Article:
I’ve written this before in the aftermath of other shootings.
The madness has to stop.
I was wrong.
Clearly, it does not. It has not. The violence, the killings, the slaughters keep happening and happening and happening. The latest (at least I pray that no new ones happen in the few hours between when this is written and it goes to press) came, as you know, in El Paso, Texas and Dayton, Ohio. Thirty-one more people have senselessly lost their lives.
In the last decade, there have been more than 300 people killed in mass shootings and almost 1,200 injured.
In. The. Last. Decade.
Forget decade. Since 2017, the death toll from mass shootings is more than 200. What is that, 800, 900 days? Two-hundred people in 900 days?
It’s not getting any better.
And shame, shame, shame on any Democrat, or any politician, who uses this as political fodder for some anti-Trump speech. I’ve not been much of a Beto O’Rourke or Cory Booker fan, but after their remarks on the El Paso – Dayton massacres I will never give either one the time of day again.
Even brother Hoosier Pete Buttigieg had to take his own shot at Trump, telling Fox News that the shootings were “symptomatic of the effects of white nationalist terrorism,” and adding that “there’s no question white nationalism is condoned at the highest levels of our government.”
What there really is no question is that promoting your own political campaign in the wake of almost three dozen innocent deaths is condoned at the highest levels of the Buttigieg / Booker / O’Roukre presidential campaigns.
They can’t stand Donald Trump.
Yippee, Skippy for them. This wasn’t the time or the place. By making it so, they lowered themselves to the very same low-class and ridiculous behavior they so often accuse him of.
If their remarks are not enough to turn most Americans off from the utter insanity politics has become then shame on us.
But let’s not focus on the politicians. And let’s also be clear that these two heinous acts in Texas and next-door Ohio are not about politics. Not about guns. Not about violent video games. Not about most of the normal talking points we hear every single time that innocent people are gunned down.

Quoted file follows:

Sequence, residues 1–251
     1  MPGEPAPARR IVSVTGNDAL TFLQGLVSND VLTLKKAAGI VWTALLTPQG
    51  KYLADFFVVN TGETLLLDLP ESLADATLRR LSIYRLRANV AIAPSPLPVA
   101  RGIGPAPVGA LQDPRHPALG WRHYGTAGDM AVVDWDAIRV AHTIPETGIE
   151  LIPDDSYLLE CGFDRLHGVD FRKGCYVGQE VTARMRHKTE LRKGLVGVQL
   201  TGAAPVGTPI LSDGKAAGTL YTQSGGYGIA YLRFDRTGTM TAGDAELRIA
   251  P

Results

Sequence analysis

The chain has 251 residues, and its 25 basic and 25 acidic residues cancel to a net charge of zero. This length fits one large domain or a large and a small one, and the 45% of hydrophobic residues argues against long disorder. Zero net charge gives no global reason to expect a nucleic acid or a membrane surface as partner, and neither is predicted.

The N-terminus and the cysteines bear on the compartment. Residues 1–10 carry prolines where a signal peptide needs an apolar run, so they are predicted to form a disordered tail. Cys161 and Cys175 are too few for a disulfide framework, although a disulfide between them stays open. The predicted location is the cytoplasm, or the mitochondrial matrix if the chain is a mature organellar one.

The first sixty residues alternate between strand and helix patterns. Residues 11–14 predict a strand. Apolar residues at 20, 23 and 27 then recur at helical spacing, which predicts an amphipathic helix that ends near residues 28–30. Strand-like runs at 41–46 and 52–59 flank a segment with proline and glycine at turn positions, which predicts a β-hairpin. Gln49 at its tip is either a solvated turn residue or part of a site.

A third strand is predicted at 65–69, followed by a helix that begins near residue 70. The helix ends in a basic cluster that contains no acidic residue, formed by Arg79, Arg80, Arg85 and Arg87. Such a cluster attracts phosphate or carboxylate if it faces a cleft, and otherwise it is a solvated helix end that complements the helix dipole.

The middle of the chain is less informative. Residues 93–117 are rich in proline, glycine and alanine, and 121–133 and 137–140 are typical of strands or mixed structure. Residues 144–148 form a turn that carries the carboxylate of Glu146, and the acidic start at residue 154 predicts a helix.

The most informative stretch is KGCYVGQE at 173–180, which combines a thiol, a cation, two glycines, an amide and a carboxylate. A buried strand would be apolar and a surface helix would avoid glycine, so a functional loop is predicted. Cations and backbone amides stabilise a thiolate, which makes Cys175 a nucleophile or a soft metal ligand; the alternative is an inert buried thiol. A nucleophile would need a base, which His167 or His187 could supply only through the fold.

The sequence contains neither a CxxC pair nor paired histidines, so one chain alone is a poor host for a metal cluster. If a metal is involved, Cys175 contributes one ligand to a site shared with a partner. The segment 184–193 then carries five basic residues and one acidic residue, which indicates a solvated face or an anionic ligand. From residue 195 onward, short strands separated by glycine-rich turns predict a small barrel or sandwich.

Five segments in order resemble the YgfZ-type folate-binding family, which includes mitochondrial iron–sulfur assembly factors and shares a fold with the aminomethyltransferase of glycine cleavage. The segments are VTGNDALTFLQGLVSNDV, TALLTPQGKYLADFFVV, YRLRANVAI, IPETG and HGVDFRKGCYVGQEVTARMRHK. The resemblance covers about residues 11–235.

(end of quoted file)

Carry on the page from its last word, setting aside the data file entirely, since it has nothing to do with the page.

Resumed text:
This is about a society that has lost its way.
We don’t live in a place where right is right and wrong is wrong anymore. My parents, God rest their souls, had a simple rule when I was growing up. Get in trouble at school, get double at home. The idea that they would take my side over the school was never even a glimmer in my wildest imagination. And if I thought that wasn’t fair, tough cookies. Life ain’t always fair.
It wasn’t a bad lesson to learn.
Let’s pause for a second while millennials lose their minds. How can something not be fair? Wait, what? How can something end without a trophy?
Of course I jest. Everyone knows millennials aren’t reading newspapers today, so they’ll never even know I’m making fun of them.
The truth is, most of us who reached adulthood understand that life doesn’t always work out the way we want. We know that taking our ball and going home isn’t a good option. Most adults understand you just tighten up the chin strap and figure it out. There’s no trophy. There’s no warm and fuzzy. It is what it is. Put on the big boy and big girl panties and deal with it.
But it starts much earlier.
Teachers can’t discipline kids today. Not really. Not only do these professionals have to live with the threat of school shootings, they have to live with having their hands tied.
In our society today, everyone has to be OK. Everyone has to get a trophy. Not getting feelings hurt has become a big deal.
A really big deal.
Back in the day you were taught to be respectful to your elders. They didn’t have to be respectful of you . . . until you actually earned their respect. You were taught to be considerate, kind and caring. Was everyone? Of course not. But those who weren’t were just jerks. There wasn’t a law passed about it. Everyone didn’t lose their minds about it. There weren’t counselors made available to talk about it.
Life was simpler. Actions had consequences and those consequences weren’t looked on as heavy-handed tools of the conservatives. People could disagree. And no, that didn’t always end well, but it sure as hell didn’t turn into some idiot with a gun like it can today.
Look, no one – and I mean no one – has all the answers. Maybe there isn’t one single answer at all, but many little ones and even a few big ones. But right here in this little corner of God’s country, there just might be an answer. And it starts in the home with mom and dad and learning lessons about right and wrong.

Two cents, which is about how much Timmons said his columns are worth, appears periodically on Wednesdays in The Paper. Timmons is the publisher of The Paper and can be contacted at ttimmons@thepaper24-7.com.